Memorial Day: Remembering Those Who Died in Service to our Country Every Day

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February 19, 1945. This was a date my grandfather always remembered, a date that changed his life. It was the day his older brother, 2nd Lt. Ernest J. B. Nelson, was killed in action over the Pacific Ocean, just off the coast of Asia. Bud, as his family and friends called him, was flying on a mission as a co-pilot on a B-29 when it crashed and he died.

2nd Lt. Ernest J. B. Nelson

I’ve read the war report of the incident. Reading it was quite the experience — a time-freezing experience. As I read the names of the 11 patriots who perished on the Pacific War front for the Stars and Stripes, time seemed to stand still.

As a kid, Grandpa taught me how important it was to reverently remember these men, along with the countless other men and women who have laid down their lives in sacrificial service to this country. And every May, on the designated day of the month, he would be the first to thank God for those who paid the ultimate price for our freedom. But I believe, in his heart, February 19 was Grandpa’s Memorial Day (the Purple Heart is proof).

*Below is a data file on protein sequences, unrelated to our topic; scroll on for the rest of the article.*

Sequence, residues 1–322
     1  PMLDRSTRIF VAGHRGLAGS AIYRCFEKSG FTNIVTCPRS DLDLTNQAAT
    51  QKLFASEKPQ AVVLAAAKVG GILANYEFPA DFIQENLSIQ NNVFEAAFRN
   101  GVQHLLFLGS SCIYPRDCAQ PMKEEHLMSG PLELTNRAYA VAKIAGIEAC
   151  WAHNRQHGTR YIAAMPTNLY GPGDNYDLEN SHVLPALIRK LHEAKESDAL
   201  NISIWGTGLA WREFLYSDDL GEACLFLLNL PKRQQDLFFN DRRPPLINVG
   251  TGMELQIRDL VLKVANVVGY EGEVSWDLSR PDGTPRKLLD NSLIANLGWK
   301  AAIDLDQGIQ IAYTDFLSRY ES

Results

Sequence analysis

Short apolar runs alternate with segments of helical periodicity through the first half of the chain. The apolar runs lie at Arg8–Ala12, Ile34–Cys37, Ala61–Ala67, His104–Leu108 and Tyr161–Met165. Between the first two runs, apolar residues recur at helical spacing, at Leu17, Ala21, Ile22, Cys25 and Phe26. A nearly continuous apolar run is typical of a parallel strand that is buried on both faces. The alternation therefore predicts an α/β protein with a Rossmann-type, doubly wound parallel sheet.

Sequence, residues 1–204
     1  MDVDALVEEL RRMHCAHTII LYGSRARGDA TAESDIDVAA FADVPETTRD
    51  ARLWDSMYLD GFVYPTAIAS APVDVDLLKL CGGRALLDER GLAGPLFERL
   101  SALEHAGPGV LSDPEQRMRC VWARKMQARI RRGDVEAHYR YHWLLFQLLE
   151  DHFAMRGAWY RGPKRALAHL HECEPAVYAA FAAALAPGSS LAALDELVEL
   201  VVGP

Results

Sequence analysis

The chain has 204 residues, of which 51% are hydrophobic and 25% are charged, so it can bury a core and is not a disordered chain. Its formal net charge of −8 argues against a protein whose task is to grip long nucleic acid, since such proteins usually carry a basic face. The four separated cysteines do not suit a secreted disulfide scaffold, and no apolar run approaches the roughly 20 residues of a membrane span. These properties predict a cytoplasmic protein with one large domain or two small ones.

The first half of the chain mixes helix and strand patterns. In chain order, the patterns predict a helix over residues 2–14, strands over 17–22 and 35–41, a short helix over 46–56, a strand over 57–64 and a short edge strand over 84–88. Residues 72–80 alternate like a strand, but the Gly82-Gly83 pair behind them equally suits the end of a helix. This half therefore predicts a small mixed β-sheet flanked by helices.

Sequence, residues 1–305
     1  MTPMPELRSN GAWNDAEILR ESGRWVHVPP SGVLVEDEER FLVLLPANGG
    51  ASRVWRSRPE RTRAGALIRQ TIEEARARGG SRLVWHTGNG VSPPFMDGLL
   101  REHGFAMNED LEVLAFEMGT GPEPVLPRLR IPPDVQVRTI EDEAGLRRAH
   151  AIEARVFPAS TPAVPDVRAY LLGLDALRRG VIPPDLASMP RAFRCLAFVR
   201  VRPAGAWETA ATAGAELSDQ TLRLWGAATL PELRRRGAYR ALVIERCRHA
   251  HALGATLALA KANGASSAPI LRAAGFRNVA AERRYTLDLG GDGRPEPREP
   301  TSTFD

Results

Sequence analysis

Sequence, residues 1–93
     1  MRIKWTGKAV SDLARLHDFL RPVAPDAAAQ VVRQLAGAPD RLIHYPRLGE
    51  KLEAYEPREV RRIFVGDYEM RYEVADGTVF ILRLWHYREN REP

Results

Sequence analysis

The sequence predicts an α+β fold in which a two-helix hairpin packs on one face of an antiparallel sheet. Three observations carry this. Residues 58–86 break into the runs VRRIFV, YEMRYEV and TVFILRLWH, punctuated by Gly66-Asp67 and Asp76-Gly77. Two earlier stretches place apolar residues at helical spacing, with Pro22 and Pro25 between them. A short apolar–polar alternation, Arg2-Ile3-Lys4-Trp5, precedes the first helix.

And herein lies the lesson for all of us this Memorial Day. 

This weekend, as we remember, honor, and celebrate those who died in service to our country, let’s not forget that every day of the year is a memorial day for somebody. Let’s become aware that acknowledging, honoring, and remembering the sacrifice of others is just as important the rest of the week … as it is on Monday. No day is exempt.

Author Jason J. Nelson

Jason J. Nelson is an ordained elder in the Texas Annual Conference of the United Methodist Church, author of The Life of the Party, and serving on The Woodlands Township Board of Directors. He holds B.A., M.A., M.Ed., and M.Div. degrees from Trinity International University, Trinity Graduate School, Houston Baptist University, and Perkins School of Theology at Southern Methodist University. In the spring of 2021, Nelson was awarded an honorary doctor of divinity degree for his service to the church, commitment to his community, and contribution to the fields of theological and biblical studies. Nelson is a published author and is regularly invited to speak throughout the country. He is an advocate for education, mental health awareness, breast cancer research, and community/global assistance ministries. He and his family moved to The Woodlands in 2013. Learn more at